Surrey 395 and 68 for 0 lead Essex 448 (ten Doeschate 130, Lawrence 93) by 15 runs
The Championship season is only just stirring from its winter slumber but already Surrey have experienced the intrusion of a muffled alarm call. Ryan ten Doeschate's propulsive hundred sent Essex into the ascendency just past the midpoint of this game and it needed some careful batting by the Surrey openers, Rory Burns and Mark Stoneman, to hit the snooze button again as they wrote off a 53-run deficit on the third evening.
If Surrey are to build another trophy-laden dynasty to match those of previous eras in south London, they will have to take on all-comers. Being at the head of the pack comes with added challenges, opponents tooled up to knock you down - as in Mario Kart, sometimes a blue leader shell will hit you out of nowhere.
Essex felt the heat themselves last season, when they quickly fell off the pace in their title defence, and came into this match off the back of a shellacking at Hampshire. But inspired by their captain they fought tenaciously to reach a position from which the only likely loser was Surrey - even if a benign pitch mitigated against a collapse.
With only 20 wickets having fallen across three days a draw beckons, although it would have been interesting to note the effect if Jamie Porter, springing to his left in his follow through, had been able to grasp Burns' leading edge from the first ball of the innings.
Surrey may well end up being thankful for such a vigorous tussle in their first outing. They began the day hoping for a victory push but, with the pennant fluttering above the pavilion, having replaced the Union flag that flew on days one and two - rumour was Surrey's scorer had been sleeping with it under his pillow - those windcheater-clad faithful who hunkered down beneath a patchwork of cloud cover had to endure a ten Doeschate masterclass as he took his first-class average against Surrey into the 80s with a first Oval hundred.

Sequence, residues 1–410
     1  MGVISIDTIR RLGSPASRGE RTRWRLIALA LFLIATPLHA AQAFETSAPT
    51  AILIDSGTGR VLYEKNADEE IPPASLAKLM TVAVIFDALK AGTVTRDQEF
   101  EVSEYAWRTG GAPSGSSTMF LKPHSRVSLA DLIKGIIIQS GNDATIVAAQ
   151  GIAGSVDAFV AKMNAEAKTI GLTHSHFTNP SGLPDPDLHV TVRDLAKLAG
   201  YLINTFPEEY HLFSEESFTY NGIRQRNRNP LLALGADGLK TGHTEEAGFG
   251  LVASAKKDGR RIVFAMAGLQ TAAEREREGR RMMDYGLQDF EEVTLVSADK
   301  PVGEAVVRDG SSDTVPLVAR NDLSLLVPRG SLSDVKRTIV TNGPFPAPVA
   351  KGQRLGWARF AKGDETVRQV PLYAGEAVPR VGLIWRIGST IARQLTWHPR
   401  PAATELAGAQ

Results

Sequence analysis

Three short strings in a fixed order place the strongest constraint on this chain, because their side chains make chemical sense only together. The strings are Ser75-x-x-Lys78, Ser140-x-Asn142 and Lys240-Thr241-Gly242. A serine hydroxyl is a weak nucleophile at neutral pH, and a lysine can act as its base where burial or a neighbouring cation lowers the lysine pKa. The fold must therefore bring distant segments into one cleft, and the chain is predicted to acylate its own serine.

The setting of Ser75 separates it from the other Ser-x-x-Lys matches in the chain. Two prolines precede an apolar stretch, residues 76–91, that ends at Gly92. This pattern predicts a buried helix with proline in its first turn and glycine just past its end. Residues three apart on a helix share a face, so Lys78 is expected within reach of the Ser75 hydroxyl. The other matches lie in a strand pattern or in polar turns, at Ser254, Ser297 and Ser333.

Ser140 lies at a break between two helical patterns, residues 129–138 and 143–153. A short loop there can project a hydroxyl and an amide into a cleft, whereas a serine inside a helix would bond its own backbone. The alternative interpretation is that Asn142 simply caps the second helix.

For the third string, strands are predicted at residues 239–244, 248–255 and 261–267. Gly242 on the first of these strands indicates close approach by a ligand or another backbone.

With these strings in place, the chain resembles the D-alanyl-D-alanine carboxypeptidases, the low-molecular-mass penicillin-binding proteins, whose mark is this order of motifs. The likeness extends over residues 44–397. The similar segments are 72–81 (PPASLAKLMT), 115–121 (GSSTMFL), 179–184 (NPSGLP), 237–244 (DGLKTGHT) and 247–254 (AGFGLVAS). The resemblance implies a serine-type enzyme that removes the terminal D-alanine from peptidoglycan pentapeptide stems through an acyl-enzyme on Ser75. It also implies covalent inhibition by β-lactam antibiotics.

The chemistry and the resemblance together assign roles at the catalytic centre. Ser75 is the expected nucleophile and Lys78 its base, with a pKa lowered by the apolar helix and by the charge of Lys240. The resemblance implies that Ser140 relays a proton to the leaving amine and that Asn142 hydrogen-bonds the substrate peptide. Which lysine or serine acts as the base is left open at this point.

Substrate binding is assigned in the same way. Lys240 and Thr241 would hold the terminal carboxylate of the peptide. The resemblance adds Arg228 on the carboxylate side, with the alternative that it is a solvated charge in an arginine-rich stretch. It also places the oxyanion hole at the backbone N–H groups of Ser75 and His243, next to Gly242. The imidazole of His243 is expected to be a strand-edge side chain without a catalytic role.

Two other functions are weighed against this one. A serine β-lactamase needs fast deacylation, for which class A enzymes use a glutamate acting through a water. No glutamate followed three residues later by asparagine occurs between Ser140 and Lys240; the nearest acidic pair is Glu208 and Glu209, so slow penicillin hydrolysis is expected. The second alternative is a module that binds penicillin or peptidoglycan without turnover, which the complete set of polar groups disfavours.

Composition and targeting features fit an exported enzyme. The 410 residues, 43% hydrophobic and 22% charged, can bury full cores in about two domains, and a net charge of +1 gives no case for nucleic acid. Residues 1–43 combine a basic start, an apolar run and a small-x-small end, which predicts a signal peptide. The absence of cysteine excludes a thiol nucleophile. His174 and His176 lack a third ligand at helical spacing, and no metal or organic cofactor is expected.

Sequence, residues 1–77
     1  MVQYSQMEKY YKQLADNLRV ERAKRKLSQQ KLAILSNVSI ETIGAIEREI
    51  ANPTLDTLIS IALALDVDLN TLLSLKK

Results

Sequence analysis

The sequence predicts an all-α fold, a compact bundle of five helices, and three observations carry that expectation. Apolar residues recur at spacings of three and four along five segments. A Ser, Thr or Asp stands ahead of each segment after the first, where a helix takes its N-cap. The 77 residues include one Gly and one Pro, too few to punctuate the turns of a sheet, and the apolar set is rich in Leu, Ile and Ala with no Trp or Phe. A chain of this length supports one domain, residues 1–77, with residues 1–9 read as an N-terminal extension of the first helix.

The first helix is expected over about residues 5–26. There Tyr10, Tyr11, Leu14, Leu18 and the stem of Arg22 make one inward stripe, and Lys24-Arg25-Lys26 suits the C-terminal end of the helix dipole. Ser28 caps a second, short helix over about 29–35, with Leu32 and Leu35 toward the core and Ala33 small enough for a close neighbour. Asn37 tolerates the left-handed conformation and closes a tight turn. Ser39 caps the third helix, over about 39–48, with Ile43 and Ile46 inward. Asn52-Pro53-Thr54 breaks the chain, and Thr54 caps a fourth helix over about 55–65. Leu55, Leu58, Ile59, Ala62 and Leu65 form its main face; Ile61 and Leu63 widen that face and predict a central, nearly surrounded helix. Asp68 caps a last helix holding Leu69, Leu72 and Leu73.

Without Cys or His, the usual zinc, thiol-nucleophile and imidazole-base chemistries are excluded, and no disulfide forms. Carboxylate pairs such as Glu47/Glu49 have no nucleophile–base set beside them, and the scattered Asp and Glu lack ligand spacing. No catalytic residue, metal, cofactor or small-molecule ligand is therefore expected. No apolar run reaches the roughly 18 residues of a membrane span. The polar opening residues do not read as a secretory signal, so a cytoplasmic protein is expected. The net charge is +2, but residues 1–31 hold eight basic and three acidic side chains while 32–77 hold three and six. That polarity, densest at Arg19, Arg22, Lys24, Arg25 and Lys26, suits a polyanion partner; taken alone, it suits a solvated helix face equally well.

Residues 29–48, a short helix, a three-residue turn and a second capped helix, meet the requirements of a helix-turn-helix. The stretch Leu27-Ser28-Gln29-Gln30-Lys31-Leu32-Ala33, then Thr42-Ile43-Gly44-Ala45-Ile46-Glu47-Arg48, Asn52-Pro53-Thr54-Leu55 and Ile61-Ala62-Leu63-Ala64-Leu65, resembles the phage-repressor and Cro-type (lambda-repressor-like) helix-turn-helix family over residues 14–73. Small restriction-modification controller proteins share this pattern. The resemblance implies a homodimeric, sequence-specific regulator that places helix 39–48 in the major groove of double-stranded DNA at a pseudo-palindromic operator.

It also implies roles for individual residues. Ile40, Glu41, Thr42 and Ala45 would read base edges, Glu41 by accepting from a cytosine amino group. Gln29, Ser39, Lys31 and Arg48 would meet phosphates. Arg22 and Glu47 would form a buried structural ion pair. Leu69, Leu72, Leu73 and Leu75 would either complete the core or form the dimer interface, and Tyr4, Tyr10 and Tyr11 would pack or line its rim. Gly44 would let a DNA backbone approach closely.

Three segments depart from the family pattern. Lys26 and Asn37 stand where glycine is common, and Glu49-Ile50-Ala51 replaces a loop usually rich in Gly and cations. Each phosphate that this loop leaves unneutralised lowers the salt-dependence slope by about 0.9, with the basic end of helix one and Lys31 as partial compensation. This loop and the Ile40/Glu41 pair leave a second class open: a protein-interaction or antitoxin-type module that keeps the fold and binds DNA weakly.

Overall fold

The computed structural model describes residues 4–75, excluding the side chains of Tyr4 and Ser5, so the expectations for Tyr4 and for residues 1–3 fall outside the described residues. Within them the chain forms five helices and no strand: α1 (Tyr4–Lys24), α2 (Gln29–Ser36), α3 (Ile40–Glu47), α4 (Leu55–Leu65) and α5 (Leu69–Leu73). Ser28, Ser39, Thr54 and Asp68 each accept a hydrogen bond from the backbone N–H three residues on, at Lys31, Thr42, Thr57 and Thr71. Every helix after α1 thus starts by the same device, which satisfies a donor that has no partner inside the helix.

It was ten Doeschate who rolled up his sleeves and got Essex over the line at this ground last year, an unbeaten 53 securing a one-wicket win that ended Surrey's chances of going through the campaign unbeaten (as Essex had the year before). The captain set his jaw against the prevailing winds - whipped up principally by Morne Morkel - and made sure that the deposed champions would not achieve an unwanted record by losing on the back of a 410-run lead.
Ten Doeschate may be approaching 39 and creaking a little more than he used to (he was unable to finish a solitary over of bowling on the first day of this match), but he can still summon bloody-minded belligerence for the cause. Essex's last recognised batsman when he walked out at 168 for 4 on Friday afternoon, he helped fashion partnerships of 81 and 102 for the next two wickets, doing the bulk of the scoring himself.
There were 20 fours in all, including a number of broad-beamed biffs through the off side, and one skip down the wicket to dump the spin of Freddie van den Bergh for six over long-on. No shot was finer than the straight drive off Morkel, armed with the second new ball, that took ten Doeschate to 99; the next delivery was dinked neatly into the covers for the scampered single that raised his 20th first-class hundred for Essex.
Having been 20 not out overnight, ten Doeschate hustled another 110 from 140 balls to push Surrey on to the back foot - a turnaround that did not seem likely after Essex had been 20 for 2 in reply to 395. Other than the possibility of an inside edge on 66, with the ball ballooning up for a return catch to van den Bergh, he was as secure as a bank vault during almost four hours at the crease.
Essex might have had two centurions but Dan Lawrence departed seven short, steering Rikki Clarke to slip having seen off the opening bursts from Morkel and Tom Curran. Middlesex loanee Robbie White was then neat and tidy in making 39 on his first Essex appearance.
When ten Doeschate eventually fell, a first Surrey wicket for the persevering Liam Plunkett who came back well after a chastening start to his debut, Essex were still 10 runs in arrears. But Peter Siddle popped his collar to good effect at No. 9, while Porter got bravely into line against a peppering from Morkel, as the last two partnerships kept Surrey in the field for another 20 overs to secure a fifth batting point and a hard-won advantage.